PIPILOTTI RIST, installation view of Mercy Mercy (2013) at the Guangdong Times Museum, Guangzhou, 2013. Courtesy the artist, Hauser & Wirth and Luhring Augustine, New York.

“Gentle Wave in Your Eye Fluid”

Pipilotti Rist

Guangdong Times Museum
China Switzerland

I particularly wanted to like this. Romanticism is unusual in contemporary art, and Pipilotti Rist is pretty much unique among video artists in displaying such a propensity, rebelling against the habitual temperament and lineage of her chosen medium. Romanticism, in addition, seems a more radical artistic pose today than exhuming yet another archive or proposing one more fruitless round of “questioning.” “Gentle Wave in Your Eye Fluid,” at the Guangdong Times Museum, is Rist’s first solo exhibition in China—she visited Guangzhou briefly in 2012 to view the space, then, after a year’s sabbatical in the rural idyll of Somerset, England, to recover from illness, returned for four weeks to complete and install the works.

The Times Museum’s unusual set-up appealed to Rist, who has long sought ways to uncover herself to the widest possible audience. Perched atop a housing estate—part of the Time Property Group—in a developing suburb of Guangzhou, the institution engages with the life of this community, actively inviting its input and involvement in programming. This relationship can seem tokenistic, more effective in sending a frisson of sanitized reality down the spines of art insiders than in gaining interest from the building’s residents. For this show, Rist installed white lanterns of crumpled plastic in the building’s communal garden. With their unintended symbolism of mourning and death, these were promptly rejected by inhabitants as inappropriate to the impending Mid-Autumn Festival, and painted over with bright colors.

Yet it is undeniable that the Times Museum is an interesting prototype, trialling possible approaches toward increased engagement with contemporary art, while also introducing new work to existing audiences in the city. And “Gentle Wave in Your Eye Fluid” is a strong offering on both these counts. It is basically one megawork—Mercy Mercy (2013)—filmed and edited by Rist with great freedom and minimal assistance during her time in Somerset, with a few other bits and bobs brought along for the ride.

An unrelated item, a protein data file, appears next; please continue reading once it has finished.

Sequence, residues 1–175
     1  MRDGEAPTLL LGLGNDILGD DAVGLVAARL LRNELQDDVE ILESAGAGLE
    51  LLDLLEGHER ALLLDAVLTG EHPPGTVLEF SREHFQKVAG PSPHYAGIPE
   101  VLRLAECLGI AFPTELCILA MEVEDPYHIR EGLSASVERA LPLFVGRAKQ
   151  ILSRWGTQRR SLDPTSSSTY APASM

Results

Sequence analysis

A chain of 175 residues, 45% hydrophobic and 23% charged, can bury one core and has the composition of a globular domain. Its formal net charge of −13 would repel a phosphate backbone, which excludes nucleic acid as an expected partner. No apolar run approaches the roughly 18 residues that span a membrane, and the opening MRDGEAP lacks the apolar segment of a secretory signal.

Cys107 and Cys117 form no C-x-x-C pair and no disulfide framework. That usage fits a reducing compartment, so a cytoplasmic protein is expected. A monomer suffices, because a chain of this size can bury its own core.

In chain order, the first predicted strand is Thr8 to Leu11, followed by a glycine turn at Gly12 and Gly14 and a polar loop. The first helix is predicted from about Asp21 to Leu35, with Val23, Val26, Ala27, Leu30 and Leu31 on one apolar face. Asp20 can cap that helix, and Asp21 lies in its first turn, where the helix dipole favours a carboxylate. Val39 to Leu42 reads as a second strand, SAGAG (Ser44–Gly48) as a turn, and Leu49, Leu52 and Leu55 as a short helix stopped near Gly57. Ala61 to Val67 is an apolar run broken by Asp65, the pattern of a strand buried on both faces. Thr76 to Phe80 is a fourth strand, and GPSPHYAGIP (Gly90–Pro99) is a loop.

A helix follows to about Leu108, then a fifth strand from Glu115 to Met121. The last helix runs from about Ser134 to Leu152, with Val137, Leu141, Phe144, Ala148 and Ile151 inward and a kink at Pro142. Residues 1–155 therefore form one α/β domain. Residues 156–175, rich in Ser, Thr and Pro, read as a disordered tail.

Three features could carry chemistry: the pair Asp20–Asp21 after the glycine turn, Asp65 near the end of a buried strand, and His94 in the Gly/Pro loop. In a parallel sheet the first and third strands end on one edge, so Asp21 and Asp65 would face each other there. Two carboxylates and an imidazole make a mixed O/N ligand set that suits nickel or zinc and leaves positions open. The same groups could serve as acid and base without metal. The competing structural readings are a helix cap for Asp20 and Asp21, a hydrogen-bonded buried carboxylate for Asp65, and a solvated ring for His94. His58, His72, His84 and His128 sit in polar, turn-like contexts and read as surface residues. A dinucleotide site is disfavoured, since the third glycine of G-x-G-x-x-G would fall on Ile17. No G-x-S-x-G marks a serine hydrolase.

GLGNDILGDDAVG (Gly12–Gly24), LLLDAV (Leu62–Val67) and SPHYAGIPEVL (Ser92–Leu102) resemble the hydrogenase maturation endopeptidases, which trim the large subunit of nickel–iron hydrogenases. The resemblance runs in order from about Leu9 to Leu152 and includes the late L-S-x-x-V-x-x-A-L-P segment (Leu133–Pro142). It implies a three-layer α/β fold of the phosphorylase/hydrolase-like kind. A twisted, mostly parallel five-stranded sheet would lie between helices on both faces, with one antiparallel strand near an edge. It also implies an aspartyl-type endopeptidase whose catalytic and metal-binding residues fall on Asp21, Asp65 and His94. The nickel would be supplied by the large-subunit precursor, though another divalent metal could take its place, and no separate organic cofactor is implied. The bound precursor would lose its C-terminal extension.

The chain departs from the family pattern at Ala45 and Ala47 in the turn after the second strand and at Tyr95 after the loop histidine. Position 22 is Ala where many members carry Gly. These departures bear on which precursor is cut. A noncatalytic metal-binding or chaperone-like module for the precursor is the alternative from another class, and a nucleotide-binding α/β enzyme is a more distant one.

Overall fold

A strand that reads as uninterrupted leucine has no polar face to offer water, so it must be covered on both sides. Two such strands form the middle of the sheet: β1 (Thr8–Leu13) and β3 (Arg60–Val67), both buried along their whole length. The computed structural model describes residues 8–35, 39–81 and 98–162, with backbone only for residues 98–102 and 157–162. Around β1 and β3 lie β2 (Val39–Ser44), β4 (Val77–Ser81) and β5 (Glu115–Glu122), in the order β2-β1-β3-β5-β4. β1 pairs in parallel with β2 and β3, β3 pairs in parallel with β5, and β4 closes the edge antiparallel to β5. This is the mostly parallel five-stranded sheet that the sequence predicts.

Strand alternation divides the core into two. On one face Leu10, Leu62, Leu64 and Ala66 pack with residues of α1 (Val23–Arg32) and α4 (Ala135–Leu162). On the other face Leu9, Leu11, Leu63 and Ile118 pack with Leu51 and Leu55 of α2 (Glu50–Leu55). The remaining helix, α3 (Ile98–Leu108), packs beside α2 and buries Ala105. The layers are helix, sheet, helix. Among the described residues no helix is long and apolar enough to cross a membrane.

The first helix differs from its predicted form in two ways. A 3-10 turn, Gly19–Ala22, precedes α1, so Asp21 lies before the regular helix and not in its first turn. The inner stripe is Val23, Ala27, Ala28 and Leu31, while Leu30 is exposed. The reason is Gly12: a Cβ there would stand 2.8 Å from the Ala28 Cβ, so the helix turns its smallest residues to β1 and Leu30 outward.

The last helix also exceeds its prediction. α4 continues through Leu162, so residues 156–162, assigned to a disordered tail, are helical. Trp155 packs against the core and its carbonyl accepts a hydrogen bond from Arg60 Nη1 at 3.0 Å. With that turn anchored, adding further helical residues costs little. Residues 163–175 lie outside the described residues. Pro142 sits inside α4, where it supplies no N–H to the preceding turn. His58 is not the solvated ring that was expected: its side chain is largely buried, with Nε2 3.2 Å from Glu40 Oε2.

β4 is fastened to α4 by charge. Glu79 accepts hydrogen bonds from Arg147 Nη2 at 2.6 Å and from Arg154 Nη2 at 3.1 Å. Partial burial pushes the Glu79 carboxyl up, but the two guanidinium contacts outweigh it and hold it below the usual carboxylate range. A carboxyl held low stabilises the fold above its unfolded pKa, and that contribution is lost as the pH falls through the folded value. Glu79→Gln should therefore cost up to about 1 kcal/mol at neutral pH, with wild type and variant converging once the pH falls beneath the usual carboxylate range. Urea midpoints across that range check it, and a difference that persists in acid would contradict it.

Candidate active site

PIPILOTTI RIST, installation view of Relax Your Eyeball (2013) at the Guangdong Times Museum, Guangzhou, 2013. Courtesy the artist, Hauser & Wirth and Luhring Augustine, New York.

Mercy Mercy is huge, pouring out of 13 projectors onto a 75-meter-long wall that runs the entire length of the building. The rest of the main room is bare—the few windows and skylights that dot its surfaces have been covered with translucent acetate in blue, red and purple for the exhibition, creating a hazy glow that changes in intensity throughout the day. The atmosphere is laidback, with a melancholy edge provided by the spacey folk of Heinz Rohrer’s soundtrack. The slow-motion projections are almost synchronized, with a slight delay that causes the imagery to ripple down the length of the wall as it evolves. Eventually, each projection diverges into its own separate pastoral motif, with resulting contrasts and affinities.

Mercy Mercy seeks the engagement of all our senses in the very nature of landscape, creating a new form of emancipation now that geographic escape is barely possible. A series of haptic moments stimulate our sense of touch, seeking to overturn the aggressive supremacy of the eye. Hands play against soft, colorful petals and stiff brushlike stamens, or brush through meadows of greenery. Rakes push through tumbling clumps of soil, dirty fingernails trace around the edges of stones, glowing white clothes flap slowly on a line against a bright blue sky. Barren trees are silhouetted against gentle winter sunsets and fingers press against the sharp points of a barbed-wire fence. In a more typical Ristian moment, a human tongue is shown in close up, pushing boldly through water, which becomes beguilingly viscous in slow motion. The beauty of an unadulterated landscape or the intricate lines of a spread palm invite visual wonder, and the collision of diverse imagery, from swaying laundry to thrusting tongue, in neighboring projections provokes amusement.